Tile Drainage Reduces Salinity

Drainage_figure

Increasing salinity (salts) has been a big problem in many areas the past 15-20 years. Excessive rainfall and poorly drained soils are a bad combination. These two factors are a big part of the reason salinity is increasing in our region. As the water table gets closer to the surface in wet years, water is wicked to the surface. Once the water evaporates, the dissolved salts are left behind on the soil surface and reduce plant growth and yield. If this situation occurs for many years, the soluble salts can accumulate on the soil surface to a high level and reduce crop yields.

Surface drainage along with tile drainage and continuous cropping are the only way to reduce the salt level in soils over time. There are no magical soil amendments that will reduce the salt level in soil (wish there were!). With good surface drainage, tile drainage and good crop growth, the water table is lowered. Once the water table is lowered, this stops the capillary action which brings water to the soil surface and reduces salinity over time.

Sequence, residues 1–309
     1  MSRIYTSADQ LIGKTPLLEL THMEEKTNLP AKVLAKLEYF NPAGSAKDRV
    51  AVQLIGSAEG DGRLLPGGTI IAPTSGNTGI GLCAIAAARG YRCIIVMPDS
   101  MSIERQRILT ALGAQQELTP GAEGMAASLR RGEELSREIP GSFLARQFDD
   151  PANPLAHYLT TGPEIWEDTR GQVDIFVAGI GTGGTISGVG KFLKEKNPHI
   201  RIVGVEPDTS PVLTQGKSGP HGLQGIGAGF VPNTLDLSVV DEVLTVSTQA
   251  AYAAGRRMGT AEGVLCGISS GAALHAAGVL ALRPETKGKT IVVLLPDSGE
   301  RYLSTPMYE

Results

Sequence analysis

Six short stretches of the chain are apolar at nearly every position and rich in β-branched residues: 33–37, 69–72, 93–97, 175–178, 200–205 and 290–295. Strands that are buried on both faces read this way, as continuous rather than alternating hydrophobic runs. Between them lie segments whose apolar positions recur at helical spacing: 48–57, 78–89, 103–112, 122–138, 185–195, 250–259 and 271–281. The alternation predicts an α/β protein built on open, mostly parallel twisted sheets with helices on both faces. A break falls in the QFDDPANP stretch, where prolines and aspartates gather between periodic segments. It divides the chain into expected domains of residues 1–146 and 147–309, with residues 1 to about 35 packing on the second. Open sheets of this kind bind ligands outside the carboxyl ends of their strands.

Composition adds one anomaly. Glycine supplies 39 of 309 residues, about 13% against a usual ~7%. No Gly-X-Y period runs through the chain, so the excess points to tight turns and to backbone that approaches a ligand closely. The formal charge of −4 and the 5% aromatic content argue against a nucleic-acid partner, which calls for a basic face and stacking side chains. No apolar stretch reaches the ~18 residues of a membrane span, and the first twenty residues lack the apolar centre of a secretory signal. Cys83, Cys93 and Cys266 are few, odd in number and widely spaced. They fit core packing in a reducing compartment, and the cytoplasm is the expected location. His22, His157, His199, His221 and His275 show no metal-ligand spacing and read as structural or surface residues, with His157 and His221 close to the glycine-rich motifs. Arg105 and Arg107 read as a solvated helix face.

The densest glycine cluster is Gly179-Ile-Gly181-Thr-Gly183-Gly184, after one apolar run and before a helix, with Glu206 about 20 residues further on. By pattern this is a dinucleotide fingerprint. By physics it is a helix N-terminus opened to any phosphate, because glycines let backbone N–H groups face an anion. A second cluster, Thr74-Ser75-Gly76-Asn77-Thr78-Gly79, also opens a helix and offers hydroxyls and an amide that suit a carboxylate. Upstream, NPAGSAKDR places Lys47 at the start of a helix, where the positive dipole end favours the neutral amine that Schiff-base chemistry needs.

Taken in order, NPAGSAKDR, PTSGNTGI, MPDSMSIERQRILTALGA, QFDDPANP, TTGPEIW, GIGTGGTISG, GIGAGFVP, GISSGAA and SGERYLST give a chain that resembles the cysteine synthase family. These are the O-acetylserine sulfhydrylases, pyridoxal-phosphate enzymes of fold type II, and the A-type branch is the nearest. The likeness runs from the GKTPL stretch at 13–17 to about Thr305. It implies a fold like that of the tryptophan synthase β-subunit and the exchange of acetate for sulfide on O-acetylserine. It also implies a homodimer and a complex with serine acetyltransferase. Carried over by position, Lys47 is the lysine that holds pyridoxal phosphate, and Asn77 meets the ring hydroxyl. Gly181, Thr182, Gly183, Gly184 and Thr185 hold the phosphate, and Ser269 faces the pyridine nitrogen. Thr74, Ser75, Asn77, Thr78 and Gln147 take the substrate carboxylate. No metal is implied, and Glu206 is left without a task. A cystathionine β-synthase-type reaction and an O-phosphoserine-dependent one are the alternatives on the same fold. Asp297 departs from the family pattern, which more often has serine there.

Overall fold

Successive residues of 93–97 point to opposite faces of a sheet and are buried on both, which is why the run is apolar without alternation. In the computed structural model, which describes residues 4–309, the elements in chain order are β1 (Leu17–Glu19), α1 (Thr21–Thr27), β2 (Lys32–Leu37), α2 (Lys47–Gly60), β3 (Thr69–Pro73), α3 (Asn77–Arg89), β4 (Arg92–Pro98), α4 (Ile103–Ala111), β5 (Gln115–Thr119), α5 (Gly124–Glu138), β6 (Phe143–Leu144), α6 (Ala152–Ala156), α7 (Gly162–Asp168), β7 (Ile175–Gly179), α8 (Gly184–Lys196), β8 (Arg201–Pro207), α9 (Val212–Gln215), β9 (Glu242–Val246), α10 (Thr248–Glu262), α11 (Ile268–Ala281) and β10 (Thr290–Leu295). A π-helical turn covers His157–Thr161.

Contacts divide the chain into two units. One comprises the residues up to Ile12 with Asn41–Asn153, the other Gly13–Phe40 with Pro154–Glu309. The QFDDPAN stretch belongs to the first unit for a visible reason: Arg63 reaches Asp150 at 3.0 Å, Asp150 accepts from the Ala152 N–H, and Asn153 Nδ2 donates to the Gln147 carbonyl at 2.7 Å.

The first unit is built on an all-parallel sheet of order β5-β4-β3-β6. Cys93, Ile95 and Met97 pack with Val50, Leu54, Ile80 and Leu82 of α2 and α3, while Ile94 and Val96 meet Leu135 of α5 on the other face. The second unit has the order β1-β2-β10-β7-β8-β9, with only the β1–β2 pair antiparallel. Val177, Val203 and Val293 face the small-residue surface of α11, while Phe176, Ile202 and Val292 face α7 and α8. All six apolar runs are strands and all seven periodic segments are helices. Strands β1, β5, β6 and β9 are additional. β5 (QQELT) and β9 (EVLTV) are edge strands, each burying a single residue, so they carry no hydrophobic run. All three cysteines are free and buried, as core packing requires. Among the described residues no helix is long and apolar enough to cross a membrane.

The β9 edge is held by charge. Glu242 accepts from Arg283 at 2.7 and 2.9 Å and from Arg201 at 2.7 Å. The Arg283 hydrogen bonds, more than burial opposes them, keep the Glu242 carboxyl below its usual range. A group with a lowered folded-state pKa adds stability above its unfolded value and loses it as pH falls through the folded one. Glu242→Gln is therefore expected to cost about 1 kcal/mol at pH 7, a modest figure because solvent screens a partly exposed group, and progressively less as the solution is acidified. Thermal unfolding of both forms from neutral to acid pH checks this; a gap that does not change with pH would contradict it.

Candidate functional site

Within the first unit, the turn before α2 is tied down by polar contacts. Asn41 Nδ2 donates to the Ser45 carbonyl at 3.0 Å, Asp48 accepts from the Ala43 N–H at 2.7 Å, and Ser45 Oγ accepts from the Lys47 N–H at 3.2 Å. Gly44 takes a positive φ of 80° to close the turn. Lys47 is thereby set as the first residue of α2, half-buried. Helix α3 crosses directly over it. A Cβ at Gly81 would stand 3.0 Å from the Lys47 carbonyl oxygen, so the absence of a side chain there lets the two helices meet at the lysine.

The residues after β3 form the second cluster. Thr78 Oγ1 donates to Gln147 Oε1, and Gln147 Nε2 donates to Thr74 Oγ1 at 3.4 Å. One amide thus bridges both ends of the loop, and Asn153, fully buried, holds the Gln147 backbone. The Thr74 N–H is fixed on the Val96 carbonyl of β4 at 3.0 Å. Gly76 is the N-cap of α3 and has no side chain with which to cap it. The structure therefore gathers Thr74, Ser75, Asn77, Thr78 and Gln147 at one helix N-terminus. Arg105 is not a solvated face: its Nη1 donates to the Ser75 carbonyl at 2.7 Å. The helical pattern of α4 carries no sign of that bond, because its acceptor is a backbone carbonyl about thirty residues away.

AGVISE has been monitoring the salinity (salts) of a tile drained field near our laboratory in Northwood, ND since 2002. The salinity level in parts of this field were very high when it was tiled in 2002. In October 2002, the field was tiled and we established 10 GPS points to monitor the change in salinity over time. Each fall after harvest we collect 0-6″ and 6-24″ soil samples and test them for salinity and all other nutrients.

In the figure you can see that over the past 12 years the topsoil salinity has decreased significantly at site 2 and site 5. These two sites had the highest initial salinity of the ten sites. You can see in this figure that in the dry years, the salinity stayed the same or increased a little, but over several years, the salinity at these two sites has decreased greatly. The salinity has been reduced, because the tile drainage has lowered the water table and excessive rainfall has leached some of the salts out of the topsoil. Improving crop growth through the years has also helped remove more water from the soil profile each year, helping to keep the water table further from the surface. This field now produces high yields of many different crops without losing yield to salinity. We expect the salt levels in this field to continue to decrease slowly for many years.